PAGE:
Reinforcement Learning

(CS 394R)

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This course introduces the theory and practice of modern reinforcement learning. Reinforcement learning problems involve learning what to do—how to map situations to actions—so as to maximize a numerical reward signal. The course will cover model-free and model-based reinforcement learning methods, especially those based on temporal difference learning and policy gradient algorithms. Introduces the theory and practice of modern reinforcement learning. Reinforcement learning problems involve learning what to do—how to map situations to actions—so as to maximize a numerical reward signal. The course will cover model-free and model-based reinforcement learning methods, especially those based on temporal difference learning and policy gradient algorithms. It covers the essentials of reinforcement learning (RL) theory and how to apply it to real-world sequential decision problems. Reinforcement learning is an essential part of fields ranging from modern robotics to game-playing (e.g. Poker, Go, and Starcraft). The material covered in this class will provide an understanding of the core fundamentals of reinforcement learning, preparing students to apply it to problems of their choosing, as well as allowing them to understand modern RL research. Professors Peter Stone and Scott Niekum are active reinforcement learning researchers and bring their expertise and excitement for RL to the class.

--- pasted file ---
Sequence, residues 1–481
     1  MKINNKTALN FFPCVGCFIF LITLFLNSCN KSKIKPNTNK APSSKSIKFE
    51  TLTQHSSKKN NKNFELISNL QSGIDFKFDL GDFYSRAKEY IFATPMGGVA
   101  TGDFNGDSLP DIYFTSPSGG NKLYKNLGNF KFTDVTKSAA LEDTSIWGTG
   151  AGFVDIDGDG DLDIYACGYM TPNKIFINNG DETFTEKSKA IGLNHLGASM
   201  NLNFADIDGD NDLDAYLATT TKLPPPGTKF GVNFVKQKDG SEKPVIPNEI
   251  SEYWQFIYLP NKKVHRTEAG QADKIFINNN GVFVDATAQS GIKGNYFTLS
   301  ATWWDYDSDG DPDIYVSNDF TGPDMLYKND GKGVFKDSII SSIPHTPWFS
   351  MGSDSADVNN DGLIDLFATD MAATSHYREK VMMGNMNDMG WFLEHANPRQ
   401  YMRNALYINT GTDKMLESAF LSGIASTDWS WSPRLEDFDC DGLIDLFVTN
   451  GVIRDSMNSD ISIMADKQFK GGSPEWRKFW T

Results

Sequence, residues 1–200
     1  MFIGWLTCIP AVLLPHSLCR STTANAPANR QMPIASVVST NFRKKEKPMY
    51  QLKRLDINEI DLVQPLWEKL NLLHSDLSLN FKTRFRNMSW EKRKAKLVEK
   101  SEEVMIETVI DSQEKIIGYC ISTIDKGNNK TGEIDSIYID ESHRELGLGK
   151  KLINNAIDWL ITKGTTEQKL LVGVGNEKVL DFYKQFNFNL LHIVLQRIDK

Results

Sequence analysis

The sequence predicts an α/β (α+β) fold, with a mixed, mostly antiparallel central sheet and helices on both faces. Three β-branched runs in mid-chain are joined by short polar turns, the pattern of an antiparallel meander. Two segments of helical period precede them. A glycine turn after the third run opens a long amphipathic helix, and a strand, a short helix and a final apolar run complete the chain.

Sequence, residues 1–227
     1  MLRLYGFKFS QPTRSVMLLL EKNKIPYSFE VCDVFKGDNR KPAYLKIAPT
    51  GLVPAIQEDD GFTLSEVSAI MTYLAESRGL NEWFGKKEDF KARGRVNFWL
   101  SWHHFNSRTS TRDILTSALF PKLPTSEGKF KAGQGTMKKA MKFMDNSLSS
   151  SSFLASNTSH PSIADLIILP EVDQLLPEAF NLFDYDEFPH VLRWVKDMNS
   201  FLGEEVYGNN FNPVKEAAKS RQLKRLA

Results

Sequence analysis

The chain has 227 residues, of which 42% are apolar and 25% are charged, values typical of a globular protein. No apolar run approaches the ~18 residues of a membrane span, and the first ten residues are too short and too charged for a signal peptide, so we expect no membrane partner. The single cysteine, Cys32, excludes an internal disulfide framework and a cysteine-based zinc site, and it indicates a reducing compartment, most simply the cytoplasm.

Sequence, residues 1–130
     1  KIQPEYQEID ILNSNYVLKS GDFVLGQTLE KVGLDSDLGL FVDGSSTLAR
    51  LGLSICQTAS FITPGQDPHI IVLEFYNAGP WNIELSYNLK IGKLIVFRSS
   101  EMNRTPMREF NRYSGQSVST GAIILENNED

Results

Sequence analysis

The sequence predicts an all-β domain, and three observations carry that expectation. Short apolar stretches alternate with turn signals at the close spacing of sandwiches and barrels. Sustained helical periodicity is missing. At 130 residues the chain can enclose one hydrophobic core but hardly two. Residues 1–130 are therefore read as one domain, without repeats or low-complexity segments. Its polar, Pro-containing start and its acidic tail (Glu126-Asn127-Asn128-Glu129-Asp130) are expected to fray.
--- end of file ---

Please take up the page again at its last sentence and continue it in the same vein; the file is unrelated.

What You Will Learn

  • Fundamental reinforcement learning theory and how to apply it to real-world problems
  • Techniques for evaluating policies and learning optimal policies in sequential decision problems
  • The differences and tradeoffs between value function, policy search, and actor-critic methods in reinforcement learning
  • When and how to apply model-based vs. model-free learning methods
  • Approaches for balancing exploration and exploitation during learning
  • How to learn from both on-policy and off-policy data

Syllabus

  • Multi-Armed Bandits
  • Finite Markov Decision Processes
  • Dynamic Programming
  • Monte Carlo Methods
  • Temporal-Difference Learning
  • n-step Bootstrapping
  • Planning and Learning
  • On-Policy Prediction with Approximation
  • On-Policy Control with Approximation
  • Off-Policy Methods with Approximation
  • Eligibility Traces
  • Policy Gradient Methods

Course Category

Applications Course

Course Availability

Spring 2020

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